United States Fair Packaging and Labeling Act
The Fair Packaging and Labeling Act (FPLA or Act), enacted in 1967, directs the Federal Trade Commission and the Food and Drug Administration to issue regulations requiring that all "consumer commodities" be labeled to disclose net contents, identity of commodity, and name and place of business of the product's manufacturer, packer, or distributor.
So you need to say on your package:
- What is the product.
- What are the contents.
- Who and where is the company.
United States Consumer Product Safety Commission
Children’s products that are designed or intended primarily for use by children ages 12 or younger must have distinguishing permanent marks (generally referred to as “tracking labels”) that are:
- Affixed to the product and its packaging and
- Provide certain identifying information.
All tracking labels must contain certain basic information, including:
- Manufacturer or private labeler name;
- Location and date of production of the product;
- Detailed information on the manufacturing process, such as a batch or run number, or other identifying characteristics; and
- Any other information to facilitate ascertaining the specific source of the product.
All tracking label information should be visible and legible.
Compliance with the tracking label requirement will help improve the effectiveness and response rates for future recalls. It also helps CPSC staff and companies in the chain of commerce. When a component has been identified as the source of a hazard or violation, the tracking label helps identify other products that may contain the same component.
And most importantly:
By code, they mean a Batch ID. Your manufacturer will add a Batch ID number to each order. This allows your manufacturer to look up the date and location of each batch they create. As long as you have a Batch ID, you have fulfilled that requirement, because all the necessary info can be retrieved through this ID number. The batch number is typically placed next to the barcode.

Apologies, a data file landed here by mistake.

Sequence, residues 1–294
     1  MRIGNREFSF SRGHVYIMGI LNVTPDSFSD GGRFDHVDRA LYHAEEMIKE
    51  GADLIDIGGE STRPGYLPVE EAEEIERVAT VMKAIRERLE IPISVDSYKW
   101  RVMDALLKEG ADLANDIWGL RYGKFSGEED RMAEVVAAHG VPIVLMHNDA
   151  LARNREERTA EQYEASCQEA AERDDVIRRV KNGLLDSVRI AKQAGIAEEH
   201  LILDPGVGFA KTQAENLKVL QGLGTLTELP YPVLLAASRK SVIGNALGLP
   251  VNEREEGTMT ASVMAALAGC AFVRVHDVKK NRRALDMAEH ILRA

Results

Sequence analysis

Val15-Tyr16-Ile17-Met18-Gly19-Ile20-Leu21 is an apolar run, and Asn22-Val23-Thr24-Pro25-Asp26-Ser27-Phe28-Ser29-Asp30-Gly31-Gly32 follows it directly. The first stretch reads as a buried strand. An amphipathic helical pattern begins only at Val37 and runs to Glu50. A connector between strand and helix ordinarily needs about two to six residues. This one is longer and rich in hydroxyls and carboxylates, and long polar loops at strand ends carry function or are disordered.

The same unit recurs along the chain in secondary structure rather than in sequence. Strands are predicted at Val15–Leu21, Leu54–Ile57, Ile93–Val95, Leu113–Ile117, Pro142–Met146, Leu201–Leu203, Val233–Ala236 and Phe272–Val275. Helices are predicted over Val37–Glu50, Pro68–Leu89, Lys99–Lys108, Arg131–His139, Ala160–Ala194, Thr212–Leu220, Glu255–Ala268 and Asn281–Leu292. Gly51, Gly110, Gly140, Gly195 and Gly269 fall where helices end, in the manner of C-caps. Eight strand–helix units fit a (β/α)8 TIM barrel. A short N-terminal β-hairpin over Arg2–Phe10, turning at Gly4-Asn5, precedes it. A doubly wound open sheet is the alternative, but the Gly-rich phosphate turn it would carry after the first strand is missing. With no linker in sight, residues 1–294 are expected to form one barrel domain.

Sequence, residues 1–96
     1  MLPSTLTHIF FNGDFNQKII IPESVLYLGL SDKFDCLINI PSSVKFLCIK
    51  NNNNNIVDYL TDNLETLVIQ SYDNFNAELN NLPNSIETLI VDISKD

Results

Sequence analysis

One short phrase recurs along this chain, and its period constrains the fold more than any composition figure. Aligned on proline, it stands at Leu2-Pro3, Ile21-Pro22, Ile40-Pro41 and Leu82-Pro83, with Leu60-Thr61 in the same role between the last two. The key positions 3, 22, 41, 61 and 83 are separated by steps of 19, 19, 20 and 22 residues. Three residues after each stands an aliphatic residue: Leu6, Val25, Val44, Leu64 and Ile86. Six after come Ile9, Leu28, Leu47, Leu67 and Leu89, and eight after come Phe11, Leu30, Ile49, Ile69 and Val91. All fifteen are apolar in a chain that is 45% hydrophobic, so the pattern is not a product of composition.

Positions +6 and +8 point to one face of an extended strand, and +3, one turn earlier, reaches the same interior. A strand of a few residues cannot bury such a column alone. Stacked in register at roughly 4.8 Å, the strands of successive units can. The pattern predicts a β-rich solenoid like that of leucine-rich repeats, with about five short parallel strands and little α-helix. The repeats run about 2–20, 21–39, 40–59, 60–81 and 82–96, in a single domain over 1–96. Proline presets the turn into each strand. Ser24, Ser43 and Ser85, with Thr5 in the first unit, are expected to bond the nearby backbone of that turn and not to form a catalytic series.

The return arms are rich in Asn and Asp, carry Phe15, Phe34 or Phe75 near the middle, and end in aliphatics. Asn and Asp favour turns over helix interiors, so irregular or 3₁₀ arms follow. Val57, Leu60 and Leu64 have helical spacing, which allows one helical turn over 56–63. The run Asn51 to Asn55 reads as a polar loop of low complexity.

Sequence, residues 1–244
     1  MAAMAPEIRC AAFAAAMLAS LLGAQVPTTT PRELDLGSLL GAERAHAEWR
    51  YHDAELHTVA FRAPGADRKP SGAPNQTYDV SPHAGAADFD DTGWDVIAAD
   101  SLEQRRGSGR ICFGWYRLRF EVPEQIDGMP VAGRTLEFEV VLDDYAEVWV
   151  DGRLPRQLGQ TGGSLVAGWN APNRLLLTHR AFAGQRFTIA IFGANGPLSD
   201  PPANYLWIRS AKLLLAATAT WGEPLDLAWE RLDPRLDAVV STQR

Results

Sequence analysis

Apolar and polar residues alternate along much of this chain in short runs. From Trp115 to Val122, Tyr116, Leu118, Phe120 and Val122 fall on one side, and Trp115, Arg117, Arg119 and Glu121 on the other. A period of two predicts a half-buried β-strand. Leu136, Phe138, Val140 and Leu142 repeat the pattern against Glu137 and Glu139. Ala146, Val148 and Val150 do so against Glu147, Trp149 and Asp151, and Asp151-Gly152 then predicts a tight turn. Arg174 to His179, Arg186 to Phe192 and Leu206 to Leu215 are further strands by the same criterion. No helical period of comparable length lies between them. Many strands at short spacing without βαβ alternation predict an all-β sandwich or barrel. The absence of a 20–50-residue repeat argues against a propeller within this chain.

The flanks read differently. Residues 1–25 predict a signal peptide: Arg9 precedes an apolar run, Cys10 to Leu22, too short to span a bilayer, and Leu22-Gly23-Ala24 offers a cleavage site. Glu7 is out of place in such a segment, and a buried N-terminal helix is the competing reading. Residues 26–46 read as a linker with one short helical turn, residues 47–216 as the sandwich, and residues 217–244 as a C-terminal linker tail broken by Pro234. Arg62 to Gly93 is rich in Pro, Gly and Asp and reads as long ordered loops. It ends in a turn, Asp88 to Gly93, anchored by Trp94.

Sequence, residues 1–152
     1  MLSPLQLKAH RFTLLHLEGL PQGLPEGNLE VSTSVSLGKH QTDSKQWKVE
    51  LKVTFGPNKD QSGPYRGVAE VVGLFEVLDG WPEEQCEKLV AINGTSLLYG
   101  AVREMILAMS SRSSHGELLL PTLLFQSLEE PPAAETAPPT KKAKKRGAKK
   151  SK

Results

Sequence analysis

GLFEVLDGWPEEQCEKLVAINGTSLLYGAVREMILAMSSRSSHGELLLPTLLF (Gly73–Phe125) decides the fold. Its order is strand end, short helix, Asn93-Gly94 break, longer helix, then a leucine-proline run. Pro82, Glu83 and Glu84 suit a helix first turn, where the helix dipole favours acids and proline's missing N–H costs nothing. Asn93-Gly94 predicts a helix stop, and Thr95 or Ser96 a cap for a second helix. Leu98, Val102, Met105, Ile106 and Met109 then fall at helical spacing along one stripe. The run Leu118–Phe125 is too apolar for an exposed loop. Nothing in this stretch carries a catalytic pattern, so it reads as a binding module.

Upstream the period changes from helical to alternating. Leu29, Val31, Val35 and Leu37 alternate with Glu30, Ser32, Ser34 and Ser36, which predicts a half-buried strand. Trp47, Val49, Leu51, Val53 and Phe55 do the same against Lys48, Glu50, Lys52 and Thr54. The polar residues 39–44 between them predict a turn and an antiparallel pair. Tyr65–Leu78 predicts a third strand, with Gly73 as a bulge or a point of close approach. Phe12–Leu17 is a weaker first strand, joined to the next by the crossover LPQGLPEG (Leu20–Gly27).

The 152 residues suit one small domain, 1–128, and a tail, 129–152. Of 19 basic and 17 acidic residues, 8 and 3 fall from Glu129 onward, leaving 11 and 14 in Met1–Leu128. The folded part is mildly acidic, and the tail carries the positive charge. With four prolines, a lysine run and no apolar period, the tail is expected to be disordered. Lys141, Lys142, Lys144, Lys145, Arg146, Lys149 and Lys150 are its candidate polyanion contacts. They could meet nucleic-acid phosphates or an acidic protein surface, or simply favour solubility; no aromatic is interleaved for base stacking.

United States Customs & Border Patrol
According to their website:
Every article of foreign origin entering the United States must be legibly marked with the English name of the country of origin unless an exception from marking is provided for in the law.
The marking must be legible. This means it must be of an adequate size, and clear enough, to be read easily by a person of normal vision.
The marking should be located in a conspicuous place. It need not be in the most conspicuous place, but it must be where it can be seen with a casual handling of the article. Markings must be in a position where they will not be covered or concealed by subsequent attachments or additions. The marking must be visible without disassembling the item or removing or changing the position of any parts.
In summary, add “Made in China” to your box or wherever your manufacturer is located.
Here are some other labels you might consider putting on your box:
This symbol shows you have officially registered your product with the US Copyright Office.
This symbol shows you have officially registered your logo with the US Patent & Trademark Office. Also, the TM symbol is often used incorrectly. This means your logo is not registered but you have simply adopted the use of the logo.
All Rights Reserved
This is another non-official term. The phrase just basically means you are holding onto the rights provided to you by copyright laws. As opposed to owning the copyright, but letting others freely use it. You do not need to legally declare this distinction.
Actual Components May Vary
No two batches of products will ever be identical, there will always be tiny inconsistencies. So this gives a fair warning to something that should already be universally understood. Might as well add the warning.
Adult Supervision Recommended
Adds a little extra protection. Might as well add.